The Need for Tabular Representation Learning: An Industry PerspectiveDownload PDF

Published: 21 Oct 2022, Last Modified: 16 May 2023TRL @ NeurIPS 2022 PosterReaders: Everyone
Keywords: Table Representation Learning
TL;DR: An industry perspective on open challenges in the domain of TRL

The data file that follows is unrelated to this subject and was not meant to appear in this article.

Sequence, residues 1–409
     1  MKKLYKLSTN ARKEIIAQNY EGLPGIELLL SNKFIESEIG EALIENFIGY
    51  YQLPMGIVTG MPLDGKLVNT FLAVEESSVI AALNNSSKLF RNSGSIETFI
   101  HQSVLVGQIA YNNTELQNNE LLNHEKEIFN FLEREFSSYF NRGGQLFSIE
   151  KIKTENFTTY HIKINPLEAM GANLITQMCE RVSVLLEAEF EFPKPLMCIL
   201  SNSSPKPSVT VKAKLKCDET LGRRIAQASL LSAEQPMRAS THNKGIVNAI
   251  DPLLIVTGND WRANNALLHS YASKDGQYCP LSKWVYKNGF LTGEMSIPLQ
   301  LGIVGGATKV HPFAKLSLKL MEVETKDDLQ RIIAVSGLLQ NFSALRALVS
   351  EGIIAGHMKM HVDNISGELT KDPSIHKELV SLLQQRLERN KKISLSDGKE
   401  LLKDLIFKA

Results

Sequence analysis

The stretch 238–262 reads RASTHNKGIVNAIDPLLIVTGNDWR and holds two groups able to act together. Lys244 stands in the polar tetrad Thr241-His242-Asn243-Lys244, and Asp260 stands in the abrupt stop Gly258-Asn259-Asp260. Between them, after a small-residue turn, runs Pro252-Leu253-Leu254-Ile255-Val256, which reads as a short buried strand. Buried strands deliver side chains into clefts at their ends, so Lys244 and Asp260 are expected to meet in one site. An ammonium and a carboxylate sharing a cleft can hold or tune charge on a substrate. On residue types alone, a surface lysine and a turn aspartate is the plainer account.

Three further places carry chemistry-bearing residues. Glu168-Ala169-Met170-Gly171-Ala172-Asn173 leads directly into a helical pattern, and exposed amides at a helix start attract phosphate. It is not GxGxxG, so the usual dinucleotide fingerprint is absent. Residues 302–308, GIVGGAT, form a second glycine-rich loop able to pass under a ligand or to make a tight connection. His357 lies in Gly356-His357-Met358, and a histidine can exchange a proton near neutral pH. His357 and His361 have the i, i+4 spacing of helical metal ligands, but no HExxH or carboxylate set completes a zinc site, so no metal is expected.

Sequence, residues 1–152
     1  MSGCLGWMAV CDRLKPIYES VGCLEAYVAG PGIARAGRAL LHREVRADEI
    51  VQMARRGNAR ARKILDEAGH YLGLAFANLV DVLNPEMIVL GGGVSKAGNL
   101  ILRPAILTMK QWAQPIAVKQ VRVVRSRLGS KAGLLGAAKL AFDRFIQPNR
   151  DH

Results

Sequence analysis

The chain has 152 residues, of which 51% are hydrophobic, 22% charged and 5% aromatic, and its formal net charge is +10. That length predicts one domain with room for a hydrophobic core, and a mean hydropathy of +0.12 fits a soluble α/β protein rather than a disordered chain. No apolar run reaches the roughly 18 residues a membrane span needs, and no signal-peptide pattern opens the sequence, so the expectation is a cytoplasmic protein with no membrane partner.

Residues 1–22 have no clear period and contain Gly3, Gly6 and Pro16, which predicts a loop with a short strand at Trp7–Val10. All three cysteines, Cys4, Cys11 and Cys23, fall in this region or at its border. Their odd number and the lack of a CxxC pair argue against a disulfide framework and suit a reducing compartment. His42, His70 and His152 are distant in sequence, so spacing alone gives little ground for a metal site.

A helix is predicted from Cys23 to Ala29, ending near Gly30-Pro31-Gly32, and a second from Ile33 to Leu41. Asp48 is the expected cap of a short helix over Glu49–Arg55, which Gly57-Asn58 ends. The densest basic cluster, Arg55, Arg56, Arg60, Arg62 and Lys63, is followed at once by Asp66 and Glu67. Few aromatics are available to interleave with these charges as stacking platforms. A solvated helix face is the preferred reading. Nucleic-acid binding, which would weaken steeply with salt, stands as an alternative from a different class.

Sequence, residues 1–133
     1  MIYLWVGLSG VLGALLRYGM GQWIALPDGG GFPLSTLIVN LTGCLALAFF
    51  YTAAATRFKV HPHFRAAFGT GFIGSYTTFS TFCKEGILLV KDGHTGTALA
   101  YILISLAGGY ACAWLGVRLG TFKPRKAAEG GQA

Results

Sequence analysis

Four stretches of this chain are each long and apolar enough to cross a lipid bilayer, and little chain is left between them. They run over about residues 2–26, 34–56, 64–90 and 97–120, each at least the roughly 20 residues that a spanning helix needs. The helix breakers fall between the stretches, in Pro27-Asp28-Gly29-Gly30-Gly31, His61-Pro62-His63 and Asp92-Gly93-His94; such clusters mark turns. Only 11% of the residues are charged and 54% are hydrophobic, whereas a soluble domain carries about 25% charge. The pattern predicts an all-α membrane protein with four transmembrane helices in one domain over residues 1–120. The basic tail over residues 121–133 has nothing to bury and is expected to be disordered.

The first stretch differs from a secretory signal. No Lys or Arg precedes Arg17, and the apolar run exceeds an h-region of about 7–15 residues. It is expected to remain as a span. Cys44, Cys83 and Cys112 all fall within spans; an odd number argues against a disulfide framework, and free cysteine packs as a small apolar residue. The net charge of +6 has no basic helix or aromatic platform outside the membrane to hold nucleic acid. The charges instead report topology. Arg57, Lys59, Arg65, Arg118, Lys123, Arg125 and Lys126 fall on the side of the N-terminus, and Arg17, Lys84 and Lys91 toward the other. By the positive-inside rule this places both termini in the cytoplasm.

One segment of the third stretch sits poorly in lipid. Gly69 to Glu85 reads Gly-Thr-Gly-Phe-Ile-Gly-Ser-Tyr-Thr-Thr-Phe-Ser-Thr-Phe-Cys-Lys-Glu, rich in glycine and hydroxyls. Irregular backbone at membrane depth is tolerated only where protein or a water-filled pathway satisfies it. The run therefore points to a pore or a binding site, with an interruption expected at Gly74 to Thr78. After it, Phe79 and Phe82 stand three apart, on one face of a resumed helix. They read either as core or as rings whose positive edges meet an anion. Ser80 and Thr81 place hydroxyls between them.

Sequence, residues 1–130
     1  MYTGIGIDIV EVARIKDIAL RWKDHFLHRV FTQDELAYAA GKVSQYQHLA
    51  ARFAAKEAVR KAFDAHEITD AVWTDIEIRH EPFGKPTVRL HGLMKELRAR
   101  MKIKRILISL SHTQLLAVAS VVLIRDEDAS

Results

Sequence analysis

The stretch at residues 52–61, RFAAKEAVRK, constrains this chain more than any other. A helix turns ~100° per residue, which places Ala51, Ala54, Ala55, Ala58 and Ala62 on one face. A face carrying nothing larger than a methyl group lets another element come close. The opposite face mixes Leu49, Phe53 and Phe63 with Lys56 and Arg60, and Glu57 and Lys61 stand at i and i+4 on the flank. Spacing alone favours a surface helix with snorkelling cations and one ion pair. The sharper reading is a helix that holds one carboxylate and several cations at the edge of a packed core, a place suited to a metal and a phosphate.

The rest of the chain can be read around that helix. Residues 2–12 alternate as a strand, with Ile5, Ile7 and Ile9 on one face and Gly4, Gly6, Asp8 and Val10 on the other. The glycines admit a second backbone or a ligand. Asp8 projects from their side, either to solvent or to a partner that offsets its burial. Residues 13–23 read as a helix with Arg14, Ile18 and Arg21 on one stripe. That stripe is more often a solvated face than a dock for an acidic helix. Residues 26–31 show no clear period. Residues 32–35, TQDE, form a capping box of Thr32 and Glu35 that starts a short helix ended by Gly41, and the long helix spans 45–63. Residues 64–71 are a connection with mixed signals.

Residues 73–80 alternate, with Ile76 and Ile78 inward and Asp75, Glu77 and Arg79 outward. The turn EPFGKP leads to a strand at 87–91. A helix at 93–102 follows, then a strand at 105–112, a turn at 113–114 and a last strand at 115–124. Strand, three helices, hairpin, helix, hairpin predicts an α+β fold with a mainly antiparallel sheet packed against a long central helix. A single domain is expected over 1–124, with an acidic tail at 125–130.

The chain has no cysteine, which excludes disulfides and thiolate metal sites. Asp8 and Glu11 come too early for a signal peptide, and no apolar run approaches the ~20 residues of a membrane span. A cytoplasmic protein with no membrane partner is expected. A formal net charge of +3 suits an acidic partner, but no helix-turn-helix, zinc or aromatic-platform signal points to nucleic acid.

Abstract: The total addressable market for data applications has been estimated at \$70B. This includes the \$11B market for data integration, which is estimated to grow at 25% in the coming year; \$35B market for analytics, growing at 11%; and \$19B market for business intelligence, growing at 8% [1]. Given this data-driven future and the scale at which Microsoft operates, we survey PMs, engineers and researchers and synthesize their opinions around extracting insights from tabular data at-scale. We see three main areas where tabular representation learning (TRL) can be leveraged: Data insights. Enabling real-time analytics is one of the key priorities for Microsoft’s new intelligence platform [6] now that a converged environment exists to house any type of data. TRL models can help expose column and table-level semantic annotations, relationships between columns and between tables, and advanced data patterns such as semantic-aware denial constraints [5]. Data management. From our internal workload telemetry, we know that 17.8% of tabular data across our virtual clusters remain unaccessed [9]. From an external perspective, leveraging telemetry from Azure Observability Platform, we observed that out of the 10B+ metrics generated, less than 0.1% is used [3]. Bringing this data to light requires sophisticated data discovery, data understanding and data integration capabilities. We believe TRL models can play an important role on tasks such as entity detection and deduplication, schema mapping, and data imputation. Data movement. It is well-known that data movement remains a key bottleneck in analytics [10]. In order to ensure that our users receive the best performance possible, investments have been made in smart caching policies, like those involving materialized views [4], as well as predicate operator pushdown [2]. Recent work [8] predicts various structural and performance properties of queries by pre-training encoder models with database workloads; but, the application of these strategies fail to consider the underlying tabular data. With TRL models, we can jointly pre-train tables with their query plans to enhance our understanding and ability to characterize workloads, and thus further efforts in reducing data movement. Challenges and opportunities. Existing tabular models are mostly trained on Wikipedia tables and/or spreadsheets. However, in an enterprise setting, both the customer data and their associated schema is often industry specific. Access to the customer data is typically not possible due to privacy regulations [11, 7], thus training TRL models on such data is often not possible. It remains an open question, whether the existing TRL models can be successfully used on domain-specific data. Along the same lines, the existence of large language models (LLMs) and Microsoft’s exclusive license to them, allows rapid prototyping of many applications even on top of tabular data. We encourage the community to provide studies that compare the performance of LLMs and TRL on some of the tasks mentioned above. Such systematic studies will be useful to application developers and product teams that are looking to incorporate more ML-based capabilities.
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